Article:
A fascinating and personal look at Dungeons & Dragons that "tracks D&D's turbulent rice, fall, and survival, from its heyday in the 1980s...to the twenty-first century" (The Wall Street Journal). Even if you've never played Dungeons & Dragons, you probably know someone who has: the game has had a profound influence on our culture, and 2014 marks the intriguing role-playing phenomenon's 40th anniversary. Released decades before the Internet and social media, Dungeons & Dragons inspired one of the original nerd subcultures and is still revered by more than 30 million fans. Now, the authoritative history and magic of the game are revealed by an award-winning journalist and lifelong D&D player. In Of Dice and Men, David Ewalt describes the development of Dungeons & Dragons from the game's origins on the battlefields of ancient Europe through the hysteria that linked it to satanic rituals and teen suicides to its apotheosis as father of the modern video-game industry. As he chronicles the surprising history of the game's origins (a history largely unknown even to hardcore players) and examines D&D's lasting impact, Ewalt weaves laser-sharp subculture analysis with his own present-day gaming experiences, "writing about the world of fantasy role-playing junkies with intelligence, dexterity, and even wisdom" (Ken Jennings). An enticing blend of history, journalism, narrative, and memoir, Of Dice and Men sheds light on America's most popular (and widely misunderstood) form of collaborative entertainment.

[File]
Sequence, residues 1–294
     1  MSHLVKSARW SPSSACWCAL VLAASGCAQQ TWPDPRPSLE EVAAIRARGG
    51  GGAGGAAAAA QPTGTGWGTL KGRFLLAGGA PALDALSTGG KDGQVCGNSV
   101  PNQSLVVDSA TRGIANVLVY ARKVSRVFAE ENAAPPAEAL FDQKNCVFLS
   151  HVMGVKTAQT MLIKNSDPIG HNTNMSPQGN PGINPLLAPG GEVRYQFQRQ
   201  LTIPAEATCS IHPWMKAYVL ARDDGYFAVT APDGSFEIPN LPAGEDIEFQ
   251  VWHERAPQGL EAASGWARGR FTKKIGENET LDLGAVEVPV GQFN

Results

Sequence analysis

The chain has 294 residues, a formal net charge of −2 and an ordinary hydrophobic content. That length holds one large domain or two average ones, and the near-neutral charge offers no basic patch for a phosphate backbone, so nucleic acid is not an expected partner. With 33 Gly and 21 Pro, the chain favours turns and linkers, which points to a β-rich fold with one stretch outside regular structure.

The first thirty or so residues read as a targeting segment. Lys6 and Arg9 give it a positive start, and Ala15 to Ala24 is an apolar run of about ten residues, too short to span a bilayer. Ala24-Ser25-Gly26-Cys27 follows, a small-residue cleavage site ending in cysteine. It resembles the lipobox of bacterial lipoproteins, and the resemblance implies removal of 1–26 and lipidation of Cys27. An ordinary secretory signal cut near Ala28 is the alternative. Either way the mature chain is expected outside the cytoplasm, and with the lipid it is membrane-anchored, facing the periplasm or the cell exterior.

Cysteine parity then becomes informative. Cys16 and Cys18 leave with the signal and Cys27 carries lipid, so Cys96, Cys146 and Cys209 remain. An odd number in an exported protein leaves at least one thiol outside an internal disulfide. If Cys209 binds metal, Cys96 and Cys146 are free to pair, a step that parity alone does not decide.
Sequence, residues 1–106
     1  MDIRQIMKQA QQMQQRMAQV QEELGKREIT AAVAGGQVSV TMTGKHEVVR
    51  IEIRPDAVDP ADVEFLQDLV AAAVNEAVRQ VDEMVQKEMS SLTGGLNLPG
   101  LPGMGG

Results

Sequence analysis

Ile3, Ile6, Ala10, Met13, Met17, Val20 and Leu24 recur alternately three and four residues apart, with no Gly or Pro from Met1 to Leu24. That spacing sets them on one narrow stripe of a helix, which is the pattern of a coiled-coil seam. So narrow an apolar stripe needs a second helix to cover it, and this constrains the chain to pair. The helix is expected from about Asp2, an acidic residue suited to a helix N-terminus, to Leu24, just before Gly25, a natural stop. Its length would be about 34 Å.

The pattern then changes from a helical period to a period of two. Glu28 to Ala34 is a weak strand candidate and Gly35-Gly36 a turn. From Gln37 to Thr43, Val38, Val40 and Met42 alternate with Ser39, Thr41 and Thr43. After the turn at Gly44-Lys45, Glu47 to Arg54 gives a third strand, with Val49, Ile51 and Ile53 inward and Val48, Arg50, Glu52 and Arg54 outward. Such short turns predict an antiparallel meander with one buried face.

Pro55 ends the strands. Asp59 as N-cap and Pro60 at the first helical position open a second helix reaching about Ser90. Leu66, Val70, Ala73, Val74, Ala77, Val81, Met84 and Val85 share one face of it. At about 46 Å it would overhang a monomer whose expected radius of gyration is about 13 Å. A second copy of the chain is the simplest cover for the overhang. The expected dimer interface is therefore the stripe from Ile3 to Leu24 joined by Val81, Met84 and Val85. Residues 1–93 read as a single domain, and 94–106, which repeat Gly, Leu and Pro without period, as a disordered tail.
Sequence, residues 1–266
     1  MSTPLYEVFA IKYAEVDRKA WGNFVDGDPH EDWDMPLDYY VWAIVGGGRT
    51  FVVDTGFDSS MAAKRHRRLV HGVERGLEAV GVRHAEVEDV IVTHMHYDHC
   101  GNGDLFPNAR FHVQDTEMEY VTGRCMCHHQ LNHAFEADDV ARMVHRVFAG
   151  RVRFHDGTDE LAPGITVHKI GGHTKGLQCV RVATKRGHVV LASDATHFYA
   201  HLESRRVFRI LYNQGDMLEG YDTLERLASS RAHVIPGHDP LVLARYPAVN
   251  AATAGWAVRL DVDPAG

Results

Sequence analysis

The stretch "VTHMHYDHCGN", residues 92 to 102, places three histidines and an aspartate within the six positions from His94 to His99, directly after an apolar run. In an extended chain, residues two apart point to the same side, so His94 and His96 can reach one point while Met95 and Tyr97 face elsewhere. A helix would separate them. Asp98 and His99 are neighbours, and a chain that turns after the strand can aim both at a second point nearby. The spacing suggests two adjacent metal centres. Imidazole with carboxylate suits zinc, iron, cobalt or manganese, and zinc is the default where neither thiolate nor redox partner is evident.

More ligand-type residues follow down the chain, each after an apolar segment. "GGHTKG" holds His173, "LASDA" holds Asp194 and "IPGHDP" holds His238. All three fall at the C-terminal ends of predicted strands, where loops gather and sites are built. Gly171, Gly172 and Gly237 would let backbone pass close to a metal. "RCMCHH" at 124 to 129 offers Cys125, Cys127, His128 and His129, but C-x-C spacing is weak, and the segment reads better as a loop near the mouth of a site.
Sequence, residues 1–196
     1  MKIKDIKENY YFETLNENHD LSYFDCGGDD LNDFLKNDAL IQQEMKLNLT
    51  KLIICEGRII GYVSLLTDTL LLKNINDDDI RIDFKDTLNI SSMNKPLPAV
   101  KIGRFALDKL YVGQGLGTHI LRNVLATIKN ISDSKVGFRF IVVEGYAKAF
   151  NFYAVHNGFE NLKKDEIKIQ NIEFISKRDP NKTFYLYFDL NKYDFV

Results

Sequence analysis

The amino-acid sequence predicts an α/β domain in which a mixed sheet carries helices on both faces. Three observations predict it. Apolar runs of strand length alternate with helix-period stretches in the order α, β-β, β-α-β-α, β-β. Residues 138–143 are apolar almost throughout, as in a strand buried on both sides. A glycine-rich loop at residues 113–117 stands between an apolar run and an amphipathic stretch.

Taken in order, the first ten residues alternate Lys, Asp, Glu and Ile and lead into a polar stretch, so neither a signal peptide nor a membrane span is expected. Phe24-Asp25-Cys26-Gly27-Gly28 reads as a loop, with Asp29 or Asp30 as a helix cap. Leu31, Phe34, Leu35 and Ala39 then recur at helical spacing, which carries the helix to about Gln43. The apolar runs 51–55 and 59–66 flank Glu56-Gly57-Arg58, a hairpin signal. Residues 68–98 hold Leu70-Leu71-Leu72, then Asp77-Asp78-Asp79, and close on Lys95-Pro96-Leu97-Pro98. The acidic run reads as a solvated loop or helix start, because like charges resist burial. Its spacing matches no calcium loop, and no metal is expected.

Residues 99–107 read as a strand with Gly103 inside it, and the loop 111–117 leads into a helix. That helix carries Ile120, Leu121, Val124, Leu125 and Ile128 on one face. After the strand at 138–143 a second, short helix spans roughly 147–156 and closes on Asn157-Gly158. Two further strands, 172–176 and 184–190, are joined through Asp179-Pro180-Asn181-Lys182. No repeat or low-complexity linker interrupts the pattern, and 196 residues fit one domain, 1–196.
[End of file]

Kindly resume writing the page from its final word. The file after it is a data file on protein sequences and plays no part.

Our Kids: The American Dream in Crisis
Putnam, Robert D.